Pelvis perturbations in various directions while standing in staggered stance elicit concurrent responses in both the sagittal and frontal plane

PloS one(2022)

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Walking very slowly increases the time spent in the double support phase, which could be resembled by the staggered stance posture. Maintaining balance in this posture is important in order to continue walking safely. We therefore aimed to increase the understanding of balance recovery in staggered stance. We studied balance responses on joint- and muscle level to pelvis perturbations in various directions while standing in this posture. Ten healthy individuals participated in this study. We used one motor beside and one behind the participant to apply perturbations in mediolateral (ML), anteroposterior (AP) and diagonal directions, with a magnitude of 3, 6, 9 and 12% of the participant’s body weight. Meanwhile motion capture, ground reaction forces and moments, and electromyography of the muscles around the ankles and hips were recorded. The perturbations caused movements of the centre of mass (CoM) and centre of pressure (CoP) in the direction of the perturbation. Furthermore, these were often accompanied by motions in a direction different from the perturbation direction. After ML perturbations and diagonal perturbations transverse to the line between both feet, large and significant CoM and CoP deviations were present in the sagittal plane. Also, stronger responses on joint and muscle level were present after these perturbations, compared to AP and diagonal perturbations collinear with the line between both feet. The hip, knee and ankle joints significantly responded to all perturbation directions, but in different manners and modes of cooperation. To conclude, standing in a staggered stance posture makes individuals more vulnerable to perturbations in ML direction and transverse to the line between both feet, requiring larger responses on joint level as well as contributions in the sagittal plane. ### Competing Interest Statement The authors have declared no competing interest. ### Funding Statement All the authors declare that the research was funded by the Dutch Research Council (NWO), awarded to HvdK and EA. This work is part of the research program Wearable Robotics with project number P16-05. The following companies contributed in-cash to the research: Motek Medical ([][1]), Duchenne parent project ([][2]), FSHD Patient Foundation ([][3]) and Xsens ([][4]). The authors decision to publish was accepted by the funders. The funders had no role in the study design, data collection, data analysis and preparation of the manuscript. ### Author Declarations I confirm all relevant ethical guidelines have been followed, and any necessary IRB and/or ethics committee approvals have been obtained. Not Applicable The details of the IRB/oversight body that provided approval or exemption for the research described are given below: The study, involving human participants, was approved by the EWI/ET Ethics committee of the University of Twente. I confirm that all necessary patient/participant consent has been obtained and the appropriate institutional forms have been archived, and that any patient/participant/sample identifiers included were not known to anyone (e.g., hospital staff, patients or participants themselves) outside the research group so cannot be used to identify individuals. Not Applicable I understand that all clinical trials and any other prospective interventional studies must be registered with an ICMJE-approved registry, such as I confirm that any such study reported in the manuscript has been registered and the trial registration ID is provided (note: if posting a prospective study registered retrospectively, please provide a statement in the trial ID field explaining why the study was not registered in advance). Not Applicable I have followed all appropriate research reporting guidelines and uploaded the relevant EQUATOR Network research reporting checklist(s) and other pertinent material as supplementary files, if applicable. Not Applicable The data used for this study is published on 4TU.ResearchData and can be found via the following DOI: [1]: [2]: [3]: [4]:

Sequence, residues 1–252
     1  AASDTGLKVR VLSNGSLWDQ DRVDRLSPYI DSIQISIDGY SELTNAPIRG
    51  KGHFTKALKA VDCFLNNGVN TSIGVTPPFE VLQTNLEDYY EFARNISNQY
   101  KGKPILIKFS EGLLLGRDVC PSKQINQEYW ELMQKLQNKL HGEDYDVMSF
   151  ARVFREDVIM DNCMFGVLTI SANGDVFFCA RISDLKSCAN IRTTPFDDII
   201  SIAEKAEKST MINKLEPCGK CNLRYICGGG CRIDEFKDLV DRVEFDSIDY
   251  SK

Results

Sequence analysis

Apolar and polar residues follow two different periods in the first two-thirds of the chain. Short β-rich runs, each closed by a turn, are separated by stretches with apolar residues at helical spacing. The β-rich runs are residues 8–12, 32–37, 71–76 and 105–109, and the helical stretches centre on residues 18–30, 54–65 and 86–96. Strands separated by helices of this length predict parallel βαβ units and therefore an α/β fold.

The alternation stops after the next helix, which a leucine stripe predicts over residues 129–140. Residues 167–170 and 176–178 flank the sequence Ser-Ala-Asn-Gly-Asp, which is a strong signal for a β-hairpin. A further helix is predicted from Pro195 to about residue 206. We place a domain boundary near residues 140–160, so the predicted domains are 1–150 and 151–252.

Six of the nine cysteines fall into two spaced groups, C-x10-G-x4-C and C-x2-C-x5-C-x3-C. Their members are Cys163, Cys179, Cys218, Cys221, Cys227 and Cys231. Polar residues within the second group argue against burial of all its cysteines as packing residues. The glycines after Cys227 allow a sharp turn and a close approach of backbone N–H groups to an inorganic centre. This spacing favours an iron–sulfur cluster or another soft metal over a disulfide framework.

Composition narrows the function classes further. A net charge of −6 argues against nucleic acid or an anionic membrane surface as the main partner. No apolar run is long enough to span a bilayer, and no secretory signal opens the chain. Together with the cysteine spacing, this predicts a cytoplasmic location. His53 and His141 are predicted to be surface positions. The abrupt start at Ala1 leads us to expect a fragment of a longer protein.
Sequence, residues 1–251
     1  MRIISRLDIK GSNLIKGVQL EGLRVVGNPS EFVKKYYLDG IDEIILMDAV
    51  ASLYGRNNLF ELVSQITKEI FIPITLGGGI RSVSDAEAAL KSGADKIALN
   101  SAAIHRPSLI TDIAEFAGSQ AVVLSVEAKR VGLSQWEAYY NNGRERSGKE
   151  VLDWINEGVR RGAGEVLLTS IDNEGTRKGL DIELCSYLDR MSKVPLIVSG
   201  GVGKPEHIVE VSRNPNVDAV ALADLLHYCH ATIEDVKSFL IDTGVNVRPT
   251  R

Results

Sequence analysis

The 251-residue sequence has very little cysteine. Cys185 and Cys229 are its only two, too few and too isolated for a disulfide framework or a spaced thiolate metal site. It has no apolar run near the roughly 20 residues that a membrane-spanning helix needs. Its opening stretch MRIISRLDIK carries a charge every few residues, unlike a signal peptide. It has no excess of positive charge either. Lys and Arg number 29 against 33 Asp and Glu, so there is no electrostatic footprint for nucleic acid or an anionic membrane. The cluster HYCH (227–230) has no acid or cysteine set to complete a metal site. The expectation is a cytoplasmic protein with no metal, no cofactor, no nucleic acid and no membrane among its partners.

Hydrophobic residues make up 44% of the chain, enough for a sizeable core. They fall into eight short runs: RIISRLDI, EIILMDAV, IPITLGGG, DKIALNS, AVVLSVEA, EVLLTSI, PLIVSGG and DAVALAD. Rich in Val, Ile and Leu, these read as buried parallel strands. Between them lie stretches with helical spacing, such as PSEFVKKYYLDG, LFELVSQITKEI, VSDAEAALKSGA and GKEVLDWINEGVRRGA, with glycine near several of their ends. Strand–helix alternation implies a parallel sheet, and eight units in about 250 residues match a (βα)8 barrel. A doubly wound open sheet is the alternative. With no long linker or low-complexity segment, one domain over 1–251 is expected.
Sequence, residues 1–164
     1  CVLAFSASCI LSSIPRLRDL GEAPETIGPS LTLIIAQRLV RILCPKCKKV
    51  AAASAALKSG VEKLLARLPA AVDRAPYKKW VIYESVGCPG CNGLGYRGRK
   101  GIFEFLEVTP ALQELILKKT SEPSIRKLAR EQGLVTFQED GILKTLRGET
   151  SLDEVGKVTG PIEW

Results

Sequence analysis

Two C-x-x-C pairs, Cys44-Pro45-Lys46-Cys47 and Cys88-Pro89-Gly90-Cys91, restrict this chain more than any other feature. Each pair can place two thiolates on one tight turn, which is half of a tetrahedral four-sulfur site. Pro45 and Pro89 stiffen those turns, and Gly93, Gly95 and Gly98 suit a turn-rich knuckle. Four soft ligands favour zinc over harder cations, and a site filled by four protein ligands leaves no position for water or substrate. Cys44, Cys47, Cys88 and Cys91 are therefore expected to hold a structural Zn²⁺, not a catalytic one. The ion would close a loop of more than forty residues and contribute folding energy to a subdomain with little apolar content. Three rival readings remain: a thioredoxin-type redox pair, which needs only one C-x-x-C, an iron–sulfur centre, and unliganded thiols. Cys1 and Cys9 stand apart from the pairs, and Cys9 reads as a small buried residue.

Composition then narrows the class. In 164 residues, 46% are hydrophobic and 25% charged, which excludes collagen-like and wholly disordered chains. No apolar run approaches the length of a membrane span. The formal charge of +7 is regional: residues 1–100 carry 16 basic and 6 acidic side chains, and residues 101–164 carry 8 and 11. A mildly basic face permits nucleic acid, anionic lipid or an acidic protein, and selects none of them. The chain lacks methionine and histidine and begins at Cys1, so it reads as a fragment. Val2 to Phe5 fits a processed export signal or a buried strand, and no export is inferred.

staggered stance
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